Using viral species specificity to define a critical protein/RNA interaction surface

Glen A. Coburn, Heather L. Wiegand, Yibin Kang, Dona N. Ho, Millie M. Georgiadis, Bryan R. Cullen

Research output: Contribution to journalArticlepeer-review

20 Scopus citations


The Tap protein mediates the sequence-specific nuclear export of mRNAs bearing the retroviral constitutive transport element (CTE) and also plays a critical role in the sequence nonspecific export of cellular mRNAs. Previously, we have demonstrated that CTE function displays species specificity, that is, the CTE functions in human but not quail cells. Here, we demonstrate that quail Tap fails to support CTE function because it cannot bind the CTE. However, changing a single residue in quail Tap, glutamine 246, to arginine, the residue found in human Tap, rescues both CTE function and CTE binding. This residue, which is located on the exterior of a recently reported molecular structure of Tap, defines a surface on Tap that is critical for CTE binding. These data emphasize the potential importance of cross-species genetic complementation in the identification and characterization of cellular factors that are critical for different aspects of viral replication.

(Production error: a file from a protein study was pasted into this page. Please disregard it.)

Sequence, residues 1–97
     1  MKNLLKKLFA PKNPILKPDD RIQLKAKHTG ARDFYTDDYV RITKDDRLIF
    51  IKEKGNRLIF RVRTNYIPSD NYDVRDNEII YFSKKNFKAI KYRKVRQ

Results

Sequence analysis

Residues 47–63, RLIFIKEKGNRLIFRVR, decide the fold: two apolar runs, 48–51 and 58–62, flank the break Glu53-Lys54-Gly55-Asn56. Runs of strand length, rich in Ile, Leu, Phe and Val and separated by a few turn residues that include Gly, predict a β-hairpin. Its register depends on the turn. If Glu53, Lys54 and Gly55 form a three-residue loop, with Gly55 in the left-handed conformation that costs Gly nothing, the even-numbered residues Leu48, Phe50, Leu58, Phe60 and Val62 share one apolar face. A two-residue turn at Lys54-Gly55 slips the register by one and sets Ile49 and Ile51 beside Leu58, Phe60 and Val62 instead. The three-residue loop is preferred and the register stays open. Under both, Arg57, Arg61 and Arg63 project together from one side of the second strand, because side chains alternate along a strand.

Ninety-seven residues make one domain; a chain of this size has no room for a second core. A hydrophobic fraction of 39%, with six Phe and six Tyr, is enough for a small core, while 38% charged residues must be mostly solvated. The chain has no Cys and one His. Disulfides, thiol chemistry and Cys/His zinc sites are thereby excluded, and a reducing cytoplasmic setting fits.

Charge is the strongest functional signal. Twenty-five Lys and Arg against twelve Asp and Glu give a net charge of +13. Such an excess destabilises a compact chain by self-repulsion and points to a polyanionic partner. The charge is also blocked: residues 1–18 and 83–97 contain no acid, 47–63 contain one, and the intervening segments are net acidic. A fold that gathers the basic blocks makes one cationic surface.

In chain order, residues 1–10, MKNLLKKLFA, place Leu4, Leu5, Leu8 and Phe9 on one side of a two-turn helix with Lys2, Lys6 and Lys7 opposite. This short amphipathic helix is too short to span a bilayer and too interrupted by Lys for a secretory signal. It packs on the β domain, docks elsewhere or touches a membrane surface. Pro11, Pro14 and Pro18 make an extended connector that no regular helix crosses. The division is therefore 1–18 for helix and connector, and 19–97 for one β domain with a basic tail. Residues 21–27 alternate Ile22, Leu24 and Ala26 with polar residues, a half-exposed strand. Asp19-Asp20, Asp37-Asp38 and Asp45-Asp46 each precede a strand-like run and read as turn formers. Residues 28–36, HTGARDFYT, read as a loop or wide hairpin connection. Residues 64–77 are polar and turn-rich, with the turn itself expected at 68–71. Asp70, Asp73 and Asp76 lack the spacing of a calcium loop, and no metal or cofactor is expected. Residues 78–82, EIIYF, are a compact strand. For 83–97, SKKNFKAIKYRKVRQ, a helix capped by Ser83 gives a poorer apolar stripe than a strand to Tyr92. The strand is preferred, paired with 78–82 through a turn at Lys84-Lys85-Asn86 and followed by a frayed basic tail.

Original languageEnglish (US)
Pages (from-to)1194-1205
Number of pages12
JournalGenes and Development
Issue number10
StatePublished - May 15 2001
Externally publishedYes

All Science Journal Classification (ASJC) codes

  • General Medicine


  • Gene regulation
  • Nuclear export
  • RNA binding
  • Retrovirus


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